2 days ago
Thursday, October 9, 2014
Norway, Part Seven - Empty Shields
I love to see heraldic decoration on buildings, you know? Especially some of the baroque stuff with flourishes and frou-frou around the shields.
But there are occasions when I think they just missed taking it that one final step that would have made it ideal. And what step is that, you ask? Why, the step of placing something heraldic actually on the shield! You know, like, say, a coat of arms!
But, no. I regularly see blank or empty shields and ovals and cartouches wherever I go, crying out to have heraldry placed on them. (Sometimes, I swear, if I had a few cans of spray paint. Say, in the basic heraldic tinctures.... But no. That would be considered to be vandalism, and I am generally against vandalism. Still, it is one of the temptations that I face. As I did in these examples in Oslo.
He's obviously crying out because someone stole the charges off of his shield. That's my story and I sticking with it!
Nope, that's not a fleur-de-lis in the base of those shields. It's just part of the rococo decoration.
I know what you're thinking. But no, Neither one of those two above are Azure plain. Would that they were. I think that not even the artist(s) who created them could stand seeing a plain, unadorned shield surface there.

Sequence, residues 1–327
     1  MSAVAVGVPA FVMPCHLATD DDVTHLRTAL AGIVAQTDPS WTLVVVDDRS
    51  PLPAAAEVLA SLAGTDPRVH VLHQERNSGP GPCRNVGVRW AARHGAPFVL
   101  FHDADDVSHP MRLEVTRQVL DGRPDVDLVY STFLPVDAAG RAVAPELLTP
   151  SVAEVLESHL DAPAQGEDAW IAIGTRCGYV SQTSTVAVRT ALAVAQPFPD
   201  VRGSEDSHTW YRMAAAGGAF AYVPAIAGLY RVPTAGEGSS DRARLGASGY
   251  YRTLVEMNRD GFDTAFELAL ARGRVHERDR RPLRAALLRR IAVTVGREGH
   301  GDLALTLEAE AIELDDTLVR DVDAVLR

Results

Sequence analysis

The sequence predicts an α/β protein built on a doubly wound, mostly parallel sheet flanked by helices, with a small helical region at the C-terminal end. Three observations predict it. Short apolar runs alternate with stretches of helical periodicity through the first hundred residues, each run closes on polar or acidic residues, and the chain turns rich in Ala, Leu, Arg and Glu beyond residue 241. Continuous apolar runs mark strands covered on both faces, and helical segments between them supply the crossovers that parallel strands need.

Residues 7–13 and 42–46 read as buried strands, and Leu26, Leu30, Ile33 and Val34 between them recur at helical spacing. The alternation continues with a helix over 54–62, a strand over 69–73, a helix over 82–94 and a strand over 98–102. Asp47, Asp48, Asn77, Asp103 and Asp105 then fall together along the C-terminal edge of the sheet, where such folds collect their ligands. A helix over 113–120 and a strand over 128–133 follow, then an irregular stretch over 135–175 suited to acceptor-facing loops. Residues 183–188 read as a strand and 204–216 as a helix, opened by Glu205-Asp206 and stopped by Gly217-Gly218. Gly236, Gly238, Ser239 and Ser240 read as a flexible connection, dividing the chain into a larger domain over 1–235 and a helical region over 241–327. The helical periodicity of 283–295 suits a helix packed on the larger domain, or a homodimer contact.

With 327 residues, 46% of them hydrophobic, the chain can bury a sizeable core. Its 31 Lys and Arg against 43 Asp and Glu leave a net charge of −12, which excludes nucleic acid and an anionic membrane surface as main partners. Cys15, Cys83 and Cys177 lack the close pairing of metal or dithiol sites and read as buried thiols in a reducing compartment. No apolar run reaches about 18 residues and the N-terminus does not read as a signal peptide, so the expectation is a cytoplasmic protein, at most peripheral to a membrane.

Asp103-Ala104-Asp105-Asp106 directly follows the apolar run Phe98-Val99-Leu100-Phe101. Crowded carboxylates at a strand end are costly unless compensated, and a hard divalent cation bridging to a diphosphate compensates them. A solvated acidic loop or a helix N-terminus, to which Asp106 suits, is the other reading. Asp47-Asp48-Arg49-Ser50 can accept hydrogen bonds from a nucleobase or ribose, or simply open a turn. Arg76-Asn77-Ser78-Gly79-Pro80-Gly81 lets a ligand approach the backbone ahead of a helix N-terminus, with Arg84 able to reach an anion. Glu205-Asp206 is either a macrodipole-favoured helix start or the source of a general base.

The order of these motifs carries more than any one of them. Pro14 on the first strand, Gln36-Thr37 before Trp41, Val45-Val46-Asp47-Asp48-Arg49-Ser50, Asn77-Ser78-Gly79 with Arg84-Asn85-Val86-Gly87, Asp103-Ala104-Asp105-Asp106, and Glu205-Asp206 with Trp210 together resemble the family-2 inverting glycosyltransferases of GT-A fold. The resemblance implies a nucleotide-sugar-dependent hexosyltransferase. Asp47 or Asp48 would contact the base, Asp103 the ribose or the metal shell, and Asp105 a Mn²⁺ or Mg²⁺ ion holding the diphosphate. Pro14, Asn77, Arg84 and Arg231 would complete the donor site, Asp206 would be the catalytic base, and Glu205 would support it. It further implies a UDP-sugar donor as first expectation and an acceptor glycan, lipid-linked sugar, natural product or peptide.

Like this one here is.
See? Aren't you tempted to just surreptitiously drop by with a little paint and draw a coat of arms on some of these? Or all of these? Aren't they just crying out to have some real heraldry displayed upon them?
Why, yes. Yes, they are.
Posted by David B. Appleton at 6:00 AM
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My guess is that these designs were taken from architectural and heraldic pattern books, originally intended to be fitted with a patron's arms but there was no aristocratic patron, only a commercial builder. You find the same thing on pre-war Manhattan apartment buildings, often designed in Italian Renaissance style complete with empty horsehead shields.ReplyDelete
That certainly may be the case. It would, indeed, help to explain the plethora of such shields that I see wherever I go, whether here in the United States or in Europe. It's a shame that the "decoration" aspect has gotten separated from the "heraldic" part of its use. And it still leaves me with the desire to drop by some of them with several colors of paint and turn them into what they should be - coats of arms.ReplyDelete